In 1993, Conte successfully transformed himself into a civilian president through an electoral process organized and staged-managed by the United States and France and became a neo-colonial puppet safeguarding the interests of imperialism in opposition to the general welfare of the African masses in Guinea.

Imperialists are scrambling for Guinea’s resources

Imperialist build-up in Guinea has been ongoing since the death of Sekou Toure, and the primary motivating factors have been the imperialist desire to control the minerals and other resources of the Africans in that country.

Guinea has one of the world’s highest deposits of bauxite, a fine white metallic powder refined into alumina and smelted to become aluminum. The country contains one third of the world’s recoverable bauxite reserves.

This mineral has remained Guinea’s main export and largest source of foreign exchange. But the bauxite mines are not by the African masses in Guinea. They are owned and operated by the United States, Canada and Russia. Three companies — Alcoa in the United States, Alcan of Canada and RusAl of Russia — the largest aluminum companies in the world, control Guinea’s bauxite and iron ore reserves.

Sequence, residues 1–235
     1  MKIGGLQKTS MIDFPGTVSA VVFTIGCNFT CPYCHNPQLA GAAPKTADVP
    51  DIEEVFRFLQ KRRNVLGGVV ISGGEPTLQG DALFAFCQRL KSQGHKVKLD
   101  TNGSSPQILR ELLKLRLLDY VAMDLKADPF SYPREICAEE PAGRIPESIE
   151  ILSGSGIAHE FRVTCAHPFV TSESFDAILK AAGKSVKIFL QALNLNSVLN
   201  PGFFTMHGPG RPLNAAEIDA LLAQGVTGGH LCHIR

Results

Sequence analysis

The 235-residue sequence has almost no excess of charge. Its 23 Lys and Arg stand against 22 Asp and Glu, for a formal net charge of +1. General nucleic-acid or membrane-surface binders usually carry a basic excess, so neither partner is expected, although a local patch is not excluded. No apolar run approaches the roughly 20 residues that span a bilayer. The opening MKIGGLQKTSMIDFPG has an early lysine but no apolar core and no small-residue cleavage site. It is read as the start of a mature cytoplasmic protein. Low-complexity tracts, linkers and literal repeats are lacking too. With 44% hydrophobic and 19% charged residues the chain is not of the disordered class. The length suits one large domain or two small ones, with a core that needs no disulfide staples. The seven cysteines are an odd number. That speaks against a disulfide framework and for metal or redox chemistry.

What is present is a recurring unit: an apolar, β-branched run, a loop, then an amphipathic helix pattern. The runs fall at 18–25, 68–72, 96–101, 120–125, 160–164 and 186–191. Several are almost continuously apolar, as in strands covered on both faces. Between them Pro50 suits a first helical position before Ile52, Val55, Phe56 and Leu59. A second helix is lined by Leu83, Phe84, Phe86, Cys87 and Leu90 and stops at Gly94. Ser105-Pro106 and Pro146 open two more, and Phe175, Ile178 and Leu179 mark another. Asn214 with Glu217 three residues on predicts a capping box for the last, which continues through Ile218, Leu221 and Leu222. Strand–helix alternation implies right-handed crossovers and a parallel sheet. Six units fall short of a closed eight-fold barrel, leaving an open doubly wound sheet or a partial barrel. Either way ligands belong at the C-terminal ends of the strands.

Like in most parts of Africa, the mad rush for control of the continent’s resources has even lead to a contest between the imperialist nations themselves. In October 2004, for instance, Japan entered the rush for control of strategic minerals from Guinea.

A Japanese company, Global Alumina Production Corporation (GAPCO), signed a definitive agreement with the government of Guinea to build a US$2 billion alumina refinery in the northwestern mining town of Sangaredi. This agreement allows Japan to have absolute control over the biggest bauxite mining complex in the world, and gives Japan 2.8 million tons of alumina a year. This situation has affected the strategic interest of U.S. imperialism in Guinea.

This Japanese venture, supported by Japan’s Marubeni and Mitsubishi industrial conglomerates, has been described as the largest imperialist project undertaken in West Africa since a consortium of international oil companies led by ExxonMobil opened up a US$3.7 billion project to develop the oilfields of southern Chad last year. That project allowed imperialism to extract oil via a pipeline to the coast of Cameroon.

The United States has been struggling in vain since 2004 to have Lansana Conte cancel the agreement signed between him and the Japanese. As a result, relations between the United States and Lansana Conte have been strained.

The Japanese intrusion seems to have affected Global Alumina Corporation (GAC), a U.S. company that uses the vast bauxite resources